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Edwards v. Briggs & Stratton Ret. Plan

United States Court of Appeals for the Seventh Circuit

January 18, 2011, Argued; April 29, 2011, Decided

No. 09-2326


 [*358]  Murphy, District Judge 1.

I. Introduction

The issue presented by this appeal, which arises out of a suit brought by Plaintiff-Appellant Augusta Edwards against Defendant-Appellee Briggs & Stratton Retirement Plan ("the Plan") for benefits due under the Employee Retirement Income Security Act of 1974 ("ERISA"), 29 U.S.C. §§ 1001 et seq., is straightforward: whether the Plan should have excused the fact that Edwards's administrative appeal from a denial of her claim for disability benefits by the Plan was approximately eleven days late. The issue concerns, of course, whether Edwards exhausted her administrative remedies as a predicate to filing  [**2] suit under ERISA in federal court. Finding that Edwards failed to exhaust, the district court dismissed the case on summary judgment. Because we find no error in the district court's decision, the decision is affirmed.

II. Background and Procedural History

It is undisputed that the Plan is an employee welfare benefit plan and that Edwards is a participant in the Plan, all within the meaning of ERISA. See 29 U.S.C. § 1002(1), (7). Edwards, an employee of the Wisconsin-based Briggs & Stratton Company ("Briggs & Stratton"), ceased working in November 2005 due to a variety of ailments, including cervical radiculopathy, bilateral carpal tunnel syndrome, and ulnar nerve compression. Edwards was treated by, inter alia, Dr. James Stoll, an orthopedic surgeon. On August 9, 2007, Edwards made a claim for disability retirement benefits under the Plan, basing the claim upon Stoll's opinion that Edwards is totally and permanently disabled, cannot return to Briggs & Stratton, and cannot perform any work at all. The Plan retained its own medical consultant, Dr. Richard Fritz, a specialist in internal medicine, to evaluate Edwards's claim. Fritz opined that Edwards is not totally and permanently disabled.  [**3] On September 26, 2007, the Plan denied Edwards's  [*359]  claim for disability retirement benefits and on September 29, 2007, Edwards was notified of the denial of her claim. The letter informing Edwards of the denial of her claim advised Edwards that she had 180 days from receipt of the letter to appeal the denial of benefits to the Plan's Retirement Committee. The requirement that an appeal from a denial of Plan benefits must be made within 180 days from receipt of a denial letter is contained in the Plan document.

On October 9, 2007, Edwards wrote to the Plan to request copies of the records relied upon by the Plan in denying her claim for benefits and advised the Plan that "[a]fter I get these things [the records], I'll decide whether or not to appeal." Upon receipt of the records as requested, Edwards retained counsel to bring an appeal to the Plan from the denial of her claim for benefits. On February 4, 2008, the Plan received a letter from Edwards's counsel requesting a copy of the Plan document and advising the Plan that Edwards's counsel would be filing an administrative appeal on Edwards's behalf "soon." On February 8, 2008, Elizabeth Mlekush, the Plan administrator, answered the  [**4] letter, sending a copy of the Plan document as requested and advising Edwards's counsel that Edwards's appeal letter must be received by the Plan by March 31, 2008. 2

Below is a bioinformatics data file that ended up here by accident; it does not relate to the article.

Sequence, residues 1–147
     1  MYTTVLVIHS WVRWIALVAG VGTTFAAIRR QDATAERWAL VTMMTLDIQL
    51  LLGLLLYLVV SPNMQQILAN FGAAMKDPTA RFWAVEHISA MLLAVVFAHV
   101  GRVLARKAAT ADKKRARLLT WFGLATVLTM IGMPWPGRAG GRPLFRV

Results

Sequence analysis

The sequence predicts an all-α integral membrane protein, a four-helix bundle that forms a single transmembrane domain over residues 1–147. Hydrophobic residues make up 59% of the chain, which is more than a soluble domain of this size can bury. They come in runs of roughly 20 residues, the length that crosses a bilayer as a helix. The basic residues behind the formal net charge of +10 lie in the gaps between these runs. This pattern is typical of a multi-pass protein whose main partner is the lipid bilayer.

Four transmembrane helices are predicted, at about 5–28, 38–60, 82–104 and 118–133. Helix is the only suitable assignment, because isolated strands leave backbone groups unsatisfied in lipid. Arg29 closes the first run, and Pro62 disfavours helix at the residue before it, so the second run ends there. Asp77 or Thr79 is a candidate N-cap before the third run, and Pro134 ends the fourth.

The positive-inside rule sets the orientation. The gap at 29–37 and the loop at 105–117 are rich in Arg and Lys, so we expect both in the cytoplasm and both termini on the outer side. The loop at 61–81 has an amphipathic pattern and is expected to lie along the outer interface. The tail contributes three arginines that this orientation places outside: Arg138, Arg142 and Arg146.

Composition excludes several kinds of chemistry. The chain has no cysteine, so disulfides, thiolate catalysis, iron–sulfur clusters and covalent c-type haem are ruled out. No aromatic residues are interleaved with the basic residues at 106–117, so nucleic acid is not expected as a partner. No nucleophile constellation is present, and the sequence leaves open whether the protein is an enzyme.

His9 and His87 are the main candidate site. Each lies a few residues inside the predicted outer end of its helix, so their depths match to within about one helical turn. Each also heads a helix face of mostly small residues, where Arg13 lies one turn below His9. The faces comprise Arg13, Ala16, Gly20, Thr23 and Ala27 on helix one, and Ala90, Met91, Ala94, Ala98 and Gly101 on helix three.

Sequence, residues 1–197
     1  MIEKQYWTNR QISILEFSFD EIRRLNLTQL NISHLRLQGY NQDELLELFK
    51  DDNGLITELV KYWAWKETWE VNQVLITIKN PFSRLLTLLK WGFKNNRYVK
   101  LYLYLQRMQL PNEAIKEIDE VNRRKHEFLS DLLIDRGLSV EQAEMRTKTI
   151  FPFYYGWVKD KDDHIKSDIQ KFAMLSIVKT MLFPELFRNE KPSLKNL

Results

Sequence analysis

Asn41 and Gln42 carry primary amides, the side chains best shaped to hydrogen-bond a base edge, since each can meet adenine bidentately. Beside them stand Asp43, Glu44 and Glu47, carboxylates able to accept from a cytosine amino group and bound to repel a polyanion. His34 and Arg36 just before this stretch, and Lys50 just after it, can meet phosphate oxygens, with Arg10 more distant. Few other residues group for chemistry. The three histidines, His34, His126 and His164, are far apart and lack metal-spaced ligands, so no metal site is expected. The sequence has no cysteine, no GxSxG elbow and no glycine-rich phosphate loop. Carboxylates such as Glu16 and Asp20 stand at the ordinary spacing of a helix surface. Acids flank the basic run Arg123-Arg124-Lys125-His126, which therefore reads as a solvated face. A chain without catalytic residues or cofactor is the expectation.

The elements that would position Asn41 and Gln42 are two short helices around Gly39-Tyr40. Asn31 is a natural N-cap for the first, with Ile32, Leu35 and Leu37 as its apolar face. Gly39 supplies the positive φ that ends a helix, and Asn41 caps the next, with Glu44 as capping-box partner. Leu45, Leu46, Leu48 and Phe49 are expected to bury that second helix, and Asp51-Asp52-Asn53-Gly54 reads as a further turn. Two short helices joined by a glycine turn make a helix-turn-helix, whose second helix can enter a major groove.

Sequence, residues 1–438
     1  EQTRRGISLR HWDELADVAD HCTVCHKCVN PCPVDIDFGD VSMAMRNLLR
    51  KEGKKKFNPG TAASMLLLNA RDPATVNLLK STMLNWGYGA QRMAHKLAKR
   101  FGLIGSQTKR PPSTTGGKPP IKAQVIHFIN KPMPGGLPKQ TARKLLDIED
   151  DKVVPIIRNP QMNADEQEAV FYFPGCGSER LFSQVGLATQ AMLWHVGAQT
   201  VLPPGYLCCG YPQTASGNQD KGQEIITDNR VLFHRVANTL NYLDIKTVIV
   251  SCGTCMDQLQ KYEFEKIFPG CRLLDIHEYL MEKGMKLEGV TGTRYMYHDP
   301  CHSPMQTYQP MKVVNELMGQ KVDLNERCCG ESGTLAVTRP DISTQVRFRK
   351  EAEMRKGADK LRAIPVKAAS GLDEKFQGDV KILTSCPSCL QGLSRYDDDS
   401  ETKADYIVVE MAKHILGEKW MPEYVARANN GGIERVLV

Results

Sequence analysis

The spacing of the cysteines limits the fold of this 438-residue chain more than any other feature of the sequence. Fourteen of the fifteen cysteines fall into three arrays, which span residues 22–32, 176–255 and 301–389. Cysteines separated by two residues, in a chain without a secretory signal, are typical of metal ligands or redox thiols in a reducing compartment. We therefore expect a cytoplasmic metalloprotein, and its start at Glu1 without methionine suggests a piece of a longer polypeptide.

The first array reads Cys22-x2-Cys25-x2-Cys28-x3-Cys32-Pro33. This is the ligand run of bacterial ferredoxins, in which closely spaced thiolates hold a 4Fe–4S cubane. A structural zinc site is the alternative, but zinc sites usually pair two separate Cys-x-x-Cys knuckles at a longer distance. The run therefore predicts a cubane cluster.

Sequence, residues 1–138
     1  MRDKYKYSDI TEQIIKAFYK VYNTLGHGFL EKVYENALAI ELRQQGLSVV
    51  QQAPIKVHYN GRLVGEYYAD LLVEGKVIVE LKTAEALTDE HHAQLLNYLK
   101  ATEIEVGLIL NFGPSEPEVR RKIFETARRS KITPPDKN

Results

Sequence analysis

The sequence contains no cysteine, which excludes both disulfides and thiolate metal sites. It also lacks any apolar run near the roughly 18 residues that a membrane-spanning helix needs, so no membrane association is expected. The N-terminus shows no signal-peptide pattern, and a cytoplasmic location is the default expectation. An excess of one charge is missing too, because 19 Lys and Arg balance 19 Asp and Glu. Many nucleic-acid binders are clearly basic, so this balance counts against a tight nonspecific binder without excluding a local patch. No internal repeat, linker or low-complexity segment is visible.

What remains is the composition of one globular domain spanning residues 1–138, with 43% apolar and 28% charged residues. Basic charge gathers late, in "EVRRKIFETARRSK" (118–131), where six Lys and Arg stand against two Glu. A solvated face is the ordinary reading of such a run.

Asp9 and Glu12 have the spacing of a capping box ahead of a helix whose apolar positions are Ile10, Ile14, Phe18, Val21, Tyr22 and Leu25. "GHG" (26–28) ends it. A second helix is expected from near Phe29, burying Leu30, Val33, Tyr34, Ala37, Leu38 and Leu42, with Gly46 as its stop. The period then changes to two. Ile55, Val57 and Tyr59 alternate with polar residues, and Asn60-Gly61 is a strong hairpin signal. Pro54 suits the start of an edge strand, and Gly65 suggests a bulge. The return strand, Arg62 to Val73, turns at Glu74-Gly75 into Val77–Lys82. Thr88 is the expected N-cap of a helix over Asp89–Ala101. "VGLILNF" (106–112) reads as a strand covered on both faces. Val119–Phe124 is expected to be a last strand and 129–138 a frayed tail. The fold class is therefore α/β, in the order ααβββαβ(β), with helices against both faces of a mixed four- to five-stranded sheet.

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639 F.3d 355 *; 2011 U.S. App. LEXIS 8895 **; 51 Employee Benefits Cas. (BNA) 1626

AUGUSTA EDWARDS, Plaintiff-Appellant, v. BRIGGS & STRATTON RETIREMENT PLAN, Defendant-Appellee.

Prior History:  [**1] Appeal from the United States District Court for the Eastern District of Wisconsin. No. 2:08-cv-0496-AEG. Aaron E. Goodstein, Magistrate Judge.

Edwards v. Briggs & Stratton Ret. Plan, 2009 U.S. Dist. LEXIS 37950 (E.D. Wis., May 4, 2009)


benefits, administrative appeal, plan administrator, notice, conflicting interest, denial of benefits, summary judgment, deadline, insurer, arbitrary and capricious, administrative remedy, claim for benefits, claimant's, untimely, exhaust, cases, required to exhaust, district court, notice-prejudice, disability, excused, exhaustion of administrative remedies, doctrine of substantial compliance, benefit plan, appeals

Civil Procedure, Summary Judgment, Entitlement as Matter of Law, Appropriateness, Appeals, Summary Judgment Review, Standards of Review, Motions for Summary Judgment, Cross Motions, Pensions & Benefits Law, Judicial Review, Standards of Review, Arbitrary & Capricious Review, De Novo Standard of Review, Civil Litigation, Causes of Action, Suits to Recover Plan Benefits, Remedies, Exhaustion of Administrative Remedies, ERISA, Fiduciaries, General Overview, Claim Procedures, Handling of Claims, Abuse of Discretion, Insurance Law, Liability & Performance Standards, Notice to Insurers, Prejudice to Insurers, Disclosure, Notice & Reporting, Fiduciary Responsibilities, Conflict of Interest Analysis